The Starship Enterprise Editing Technique

Kimmy 2019 -52.jpg

A long time ago, I saw something online that, of course, I can’t find now. I’ve not been able to find it in all the years of looking, so bonus points for you if you can track it down.

It’s an anecdote about Gene Roddenberry talking to William Shatner and Leonard Nimoy in the original Star Trek series. One or the other of the actors questioned Roddenberry about the sensors. Wouldn’t the viewers need to know how they worked? Would they believe in the sensors if they didn’t understand the technology?

Roddenberry said something like, “Don’t explain the sensors. Just use them.” The story went on to say that Roddenberry’s theory was that if the actors simply used the technology, that would be good enough for the viewers.

I don’t know about you, but I never questioned the sensors. Obviously, they worked because the actors used them, and they provided essential information about the planet surface or the life forms aboard the other ship. In the same way, I never questioned Bones McCoy using futuristic salt shakers as medical instruments.

There’s a good parallel here in terms of editing your work. While there is a greater necessity in high-science sci-fi to make sure the world is created properly (within the world of the story), for the most part, your reader doesn’t need to know how familiar or unfamiliar things work in your book.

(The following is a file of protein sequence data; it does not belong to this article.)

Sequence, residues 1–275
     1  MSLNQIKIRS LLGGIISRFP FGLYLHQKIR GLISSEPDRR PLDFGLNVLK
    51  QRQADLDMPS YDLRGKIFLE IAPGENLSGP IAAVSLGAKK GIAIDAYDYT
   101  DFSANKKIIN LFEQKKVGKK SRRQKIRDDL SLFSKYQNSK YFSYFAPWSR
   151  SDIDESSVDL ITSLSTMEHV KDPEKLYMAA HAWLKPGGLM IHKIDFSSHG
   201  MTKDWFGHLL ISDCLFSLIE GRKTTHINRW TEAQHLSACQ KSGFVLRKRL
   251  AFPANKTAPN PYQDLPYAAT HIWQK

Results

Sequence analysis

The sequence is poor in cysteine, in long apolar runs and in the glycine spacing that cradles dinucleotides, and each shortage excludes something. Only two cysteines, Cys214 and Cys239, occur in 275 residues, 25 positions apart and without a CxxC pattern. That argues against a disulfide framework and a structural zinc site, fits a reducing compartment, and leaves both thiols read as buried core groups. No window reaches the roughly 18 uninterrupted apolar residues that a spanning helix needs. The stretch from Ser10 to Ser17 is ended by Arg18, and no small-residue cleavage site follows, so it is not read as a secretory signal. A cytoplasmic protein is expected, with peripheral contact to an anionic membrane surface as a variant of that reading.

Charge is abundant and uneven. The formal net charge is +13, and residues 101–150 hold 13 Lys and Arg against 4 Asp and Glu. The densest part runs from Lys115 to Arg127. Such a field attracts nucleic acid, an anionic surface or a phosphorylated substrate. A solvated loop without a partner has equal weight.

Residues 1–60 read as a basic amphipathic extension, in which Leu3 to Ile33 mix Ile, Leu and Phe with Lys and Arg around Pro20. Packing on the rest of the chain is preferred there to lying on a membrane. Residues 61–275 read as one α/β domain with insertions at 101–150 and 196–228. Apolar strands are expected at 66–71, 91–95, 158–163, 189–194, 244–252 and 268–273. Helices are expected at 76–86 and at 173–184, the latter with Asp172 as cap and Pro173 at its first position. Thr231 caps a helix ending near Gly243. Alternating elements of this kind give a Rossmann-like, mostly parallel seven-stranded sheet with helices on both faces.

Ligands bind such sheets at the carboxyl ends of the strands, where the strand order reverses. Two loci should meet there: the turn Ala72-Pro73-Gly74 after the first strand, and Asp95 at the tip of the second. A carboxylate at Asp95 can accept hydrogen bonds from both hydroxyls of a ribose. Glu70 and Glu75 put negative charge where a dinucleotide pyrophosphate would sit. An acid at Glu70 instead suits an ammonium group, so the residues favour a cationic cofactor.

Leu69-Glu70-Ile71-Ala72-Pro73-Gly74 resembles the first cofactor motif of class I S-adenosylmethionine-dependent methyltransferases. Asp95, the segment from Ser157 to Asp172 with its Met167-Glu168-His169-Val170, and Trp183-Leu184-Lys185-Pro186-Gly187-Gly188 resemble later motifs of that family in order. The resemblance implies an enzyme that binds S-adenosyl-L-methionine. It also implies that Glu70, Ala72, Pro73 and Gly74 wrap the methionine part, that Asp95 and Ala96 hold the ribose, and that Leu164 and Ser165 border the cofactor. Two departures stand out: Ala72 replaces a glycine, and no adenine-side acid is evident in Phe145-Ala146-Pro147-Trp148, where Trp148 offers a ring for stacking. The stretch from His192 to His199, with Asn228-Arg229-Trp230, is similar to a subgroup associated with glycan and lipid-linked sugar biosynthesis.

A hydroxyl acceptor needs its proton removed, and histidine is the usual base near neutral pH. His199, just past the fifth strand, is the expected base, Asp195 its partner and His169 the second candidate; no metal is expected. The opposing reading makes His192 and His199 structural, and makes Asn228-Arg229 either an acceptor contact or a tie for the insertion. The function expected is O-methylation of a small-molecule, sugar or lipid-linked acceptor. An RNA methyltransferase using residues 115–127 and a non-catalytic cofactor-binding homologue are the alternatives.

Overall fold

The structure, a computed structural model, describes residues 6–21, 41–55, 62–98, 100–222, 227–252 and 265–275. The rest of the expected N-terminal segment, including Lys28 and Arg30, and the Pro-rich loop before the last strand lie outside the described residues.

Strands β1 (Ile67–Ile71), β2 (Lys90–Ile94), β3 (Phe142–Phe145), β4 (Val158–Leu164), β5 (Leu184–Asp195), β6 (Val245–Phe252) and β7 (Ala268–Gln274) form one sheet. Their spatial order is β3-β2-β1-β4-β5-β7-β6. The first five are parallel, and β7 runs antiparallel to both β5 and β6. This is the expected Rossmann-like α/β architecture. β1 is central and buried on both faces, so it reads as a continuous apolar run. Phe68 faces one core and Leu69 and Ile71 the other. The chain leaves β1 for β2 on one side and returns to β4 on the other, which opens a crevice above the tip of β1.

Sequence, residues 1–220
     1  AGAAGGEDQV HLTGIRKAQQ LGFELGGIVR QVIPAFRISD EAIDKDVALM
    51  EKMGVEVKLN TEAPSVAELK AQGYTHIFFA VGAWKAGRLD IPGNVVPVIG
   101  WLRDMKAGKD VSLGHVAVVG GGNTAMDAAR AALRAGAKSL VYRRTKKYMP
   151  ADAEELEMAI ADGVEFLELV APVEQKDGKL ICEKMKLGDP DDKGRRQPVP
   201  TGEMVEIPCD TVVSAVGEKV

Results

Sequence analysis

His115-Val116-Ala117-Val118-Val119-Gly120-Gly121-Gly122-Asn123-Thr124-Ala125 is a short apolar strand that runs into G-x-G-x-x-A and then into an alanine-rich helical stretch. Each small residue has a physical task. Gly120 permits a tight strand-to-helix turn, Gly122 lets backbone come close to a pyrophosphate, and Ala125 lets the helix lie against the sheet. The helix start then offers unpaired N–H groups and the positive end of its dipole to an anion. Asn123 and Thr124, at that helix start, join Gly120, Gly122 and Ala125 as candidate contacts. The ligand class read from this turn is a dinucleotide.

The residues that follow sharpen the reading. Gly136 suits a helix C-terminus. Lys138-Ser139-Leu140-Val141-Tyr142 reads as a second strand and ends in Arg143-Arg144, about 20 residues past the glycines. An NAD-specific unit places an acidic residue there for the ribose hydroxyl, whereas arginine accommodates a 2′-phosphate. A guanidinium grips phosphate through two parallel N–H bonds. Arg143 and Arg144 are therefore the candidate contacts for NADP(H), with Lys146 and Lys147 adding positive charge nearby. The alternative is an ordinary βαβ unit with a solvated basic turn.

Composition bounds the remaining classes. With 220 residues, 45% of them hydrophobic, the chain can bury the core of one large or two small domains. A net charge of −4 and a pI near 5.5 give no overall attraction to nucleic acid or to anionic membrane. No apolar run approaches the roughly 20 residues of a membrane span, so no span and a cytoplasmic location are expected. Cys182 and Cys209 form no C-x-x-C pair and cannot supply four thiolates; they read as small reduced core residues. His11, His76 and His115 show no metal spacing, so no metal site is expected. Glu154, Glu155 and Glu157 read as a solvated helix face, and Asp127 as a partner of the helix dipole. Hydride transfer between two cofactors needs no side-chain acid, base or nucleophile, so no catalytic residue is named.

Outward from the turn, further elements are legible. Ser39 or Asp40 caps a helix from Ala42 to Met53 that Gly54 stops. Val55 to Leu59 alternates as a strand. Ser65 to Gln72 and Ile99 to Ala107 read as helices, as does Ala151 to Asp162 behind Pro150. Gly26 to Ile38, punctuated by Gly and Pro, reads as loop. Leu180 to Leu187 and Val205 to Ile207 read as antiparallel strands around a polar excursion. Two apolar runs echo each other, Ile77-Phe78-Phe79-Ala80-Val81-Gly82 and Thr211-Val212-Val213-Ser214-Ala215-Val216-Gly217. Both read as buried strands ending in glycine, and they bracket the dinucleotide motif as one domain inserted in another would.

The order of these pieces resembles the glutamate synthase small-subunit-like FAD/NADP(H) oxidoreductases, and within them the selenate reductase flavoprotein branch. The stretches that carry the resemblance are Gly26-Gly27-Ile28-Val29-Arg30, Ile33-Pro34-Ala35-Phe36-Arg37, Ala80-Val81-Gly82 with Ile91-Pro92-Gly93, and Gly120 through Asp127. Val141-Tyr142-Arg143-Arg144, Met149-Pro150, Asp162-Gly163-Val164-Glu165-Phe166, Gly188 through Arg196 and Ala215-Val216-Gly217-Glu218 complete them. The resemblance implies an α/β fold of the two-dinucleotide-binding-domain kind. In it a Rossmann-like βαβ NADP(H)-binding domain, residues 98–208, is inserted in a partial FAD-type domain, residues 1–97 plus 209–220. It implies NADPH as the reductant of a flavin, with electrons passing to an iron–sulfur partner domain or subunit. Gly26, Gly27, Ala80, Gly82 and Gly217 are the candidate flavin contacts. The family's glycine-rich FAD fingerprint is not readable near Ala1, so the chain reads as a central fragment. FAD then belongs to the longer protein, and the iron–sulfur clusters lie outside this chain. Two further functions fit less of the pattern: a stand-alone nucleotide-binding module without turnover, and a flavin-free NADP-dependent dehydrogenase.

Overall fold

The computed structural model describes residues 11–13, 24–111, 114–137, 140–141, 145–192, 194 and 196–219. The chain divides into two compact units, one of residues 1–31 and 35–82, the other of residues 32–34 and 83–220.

Readers will accept that the people in your manuscript can turn on Netflix without understanding how streaming works, or put an old-timey vinyl record on the turntable without needing to know how a stylus works. Characters get into cars all the time, and we generally don’t find out from the author how the car works. The character simply drives it.

I like to think of this in a Kafka-esque way. By the end of the first sentence of The Metamorphosis, we know Gregor Samsa has woken up transformed into a giant cockroach. Kafka’s subtext might be, “This is the world I’m giving you. Take it or leave it. Go with me or don’t.” Kafka never explains why or how Gregor is now a giant bug. He just is. It’s our job as the reader to go with it, or not.

This idea can be applied to our work as well. We can trust that our reader will stick around even if we don’t explain how everything in our book works. In fact, they’re more likely to stick around if we don’t tell them everything.

If you find yourself explaining how something works in your writing, ask yourself if it’s enough to see the character/person using it. To find those spots where you may have over-explained something, read your work and see where you skim or skip. Ask yourself why you didn’t read that bit. Is it boring? Are you over-explaining? If you skim past your own writing, why should your reader read it?

Were you ever bored by Spock’s reports on what he saw via the sensors? Me neither. But I would have been bored if this is what we’d heard: “Captain. The sensors are futuristic technology, which allows us to detect life forms outside this ship. It was developed stardate 2629 and was pioneered by Captain Yawning of Star Fleet. Sensors indicate four life forms aboard the unidentified vessel.” I’d also have been bored senseless if Dr. McCoy stopped to explain his medical equipment to the captain before beginning the life-saving surgery.

OHMYGAWD. No. We want to hear this: “Captain. Sensors indicate four life forms aboard the unidentified vessel.” All the while, hearing Uhura in the background: “Hailing unidentified vessel. This is Enterprise. Please respond.”